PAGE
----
Helsinki has more to give than just one fort and high prices. Take a look in the white Helsingin tuomiokirkko (aka Helsinki Cathedral). Don’t go here on Saturday because every hour, there will be a wedding. Great if you love Say Yes to the Dress or Four Weddings, but not so great if you want to see the inside of the protestant cathedral. The other red brick stoned church, a bit further down the road, is called Uspenskin katedraali (great word for hangman or Wordfeud). From up there, the view is marvellous. But not as marvellous as you can get from the Torni Hotel. Why go there? Because you can have the best shit ever; a toilet with a panoramic view over Helsinki plus its area.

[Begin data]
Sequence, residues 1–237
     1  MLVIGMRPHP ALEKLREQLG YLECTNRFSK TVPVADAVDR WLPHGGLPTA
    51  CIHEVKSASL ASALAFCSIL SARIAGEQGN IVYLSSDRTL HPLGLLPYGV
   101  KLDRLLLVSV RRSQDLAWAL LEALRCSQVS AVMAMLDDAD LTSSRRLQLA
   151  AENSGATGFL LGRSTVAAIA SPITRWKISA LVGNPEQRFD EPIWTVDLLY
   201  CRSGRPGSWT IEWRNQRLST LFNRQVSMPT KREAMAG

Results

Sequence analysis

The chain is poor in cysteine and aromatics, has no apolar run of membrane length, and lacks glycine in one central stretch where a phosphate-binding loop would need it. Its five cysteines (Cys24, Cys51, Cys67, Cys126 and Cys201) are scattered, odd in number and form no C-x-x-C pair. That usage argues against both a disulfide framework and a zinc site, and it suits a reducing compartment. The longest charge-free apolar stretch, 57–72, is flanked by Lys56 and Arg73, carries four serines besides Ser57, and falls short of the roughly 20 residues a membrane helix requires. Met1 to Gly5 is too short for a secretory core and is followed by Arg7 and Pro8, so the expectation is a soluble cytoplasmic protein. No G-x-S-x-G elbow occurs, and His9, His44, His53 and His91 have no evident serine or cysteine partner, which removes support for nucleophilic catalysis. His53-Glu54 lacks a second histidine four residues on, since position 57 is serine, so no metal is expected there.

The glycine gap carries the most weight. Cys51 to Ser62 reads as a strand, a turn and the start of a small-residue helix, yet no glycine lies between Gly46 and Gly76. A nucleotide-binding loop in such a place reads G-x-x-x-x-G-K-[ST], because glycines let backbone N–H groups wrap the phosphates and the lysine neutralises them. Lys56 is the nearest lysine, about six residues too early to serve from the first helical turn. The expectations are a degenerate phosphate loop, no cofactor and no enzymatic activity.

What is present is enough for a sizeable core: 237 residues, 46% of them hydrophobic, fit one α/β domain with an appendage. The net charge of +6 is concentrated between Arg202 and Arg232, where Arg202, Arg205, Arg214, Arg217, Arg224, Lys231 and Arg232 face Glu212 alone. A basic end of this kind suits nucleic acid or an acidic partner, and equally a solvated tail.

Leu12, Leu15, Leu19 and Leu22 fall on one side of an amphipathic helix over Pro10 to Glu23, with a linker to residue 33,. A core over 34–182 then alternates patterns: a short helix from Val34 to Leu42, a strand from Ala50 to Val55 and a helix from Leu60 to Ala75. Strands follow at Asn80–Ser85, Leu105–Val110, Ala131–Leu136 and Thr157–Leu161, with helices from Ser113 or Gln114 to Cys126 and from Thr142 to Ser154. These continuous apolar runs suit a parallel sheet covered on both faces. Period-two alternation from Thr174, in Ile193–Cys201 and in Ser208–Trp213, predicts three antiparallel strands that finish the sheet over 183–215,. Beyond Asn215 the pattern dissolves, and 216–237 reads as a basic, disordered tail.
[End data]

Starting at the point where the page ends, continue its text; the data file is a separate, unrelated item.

I’ve met Riina during my Erasmus in Vienna. Vienna likes alcohol and so do Finnish people. Unfortunately, alcohol is very, very expensive in Suomi. So what to do? As much Austrian people drink wine, beer and other stuff, Finnish people tend to have more coffee (kahvi)  in their veins than regular blood cells. Don’t expect your favourite cappuccino or sugar sweet lattes; Finnish don’t rape their coffees; they drink it pure and black. Or with a lot of (cold) milk; luckily Starbucks hasn’t opened a branch in Helsinki, yet.  Riina took me to a place called café Regatta (note; when someone says ‘cafeteria’, they mean a café, not a snackbar). The little red house was situated by the shore; a crackling fire, little sparrows twittering around and… good coffee with free refill. For hipster hunters, Helsinki would be an utopia. Finnish design (e.g. iittala) is to be found not only in the Design District, but also in the clothing of the inhabitants. Some creations could go straight to the catwalk and Armani or Chanel couldn’t hardly better them.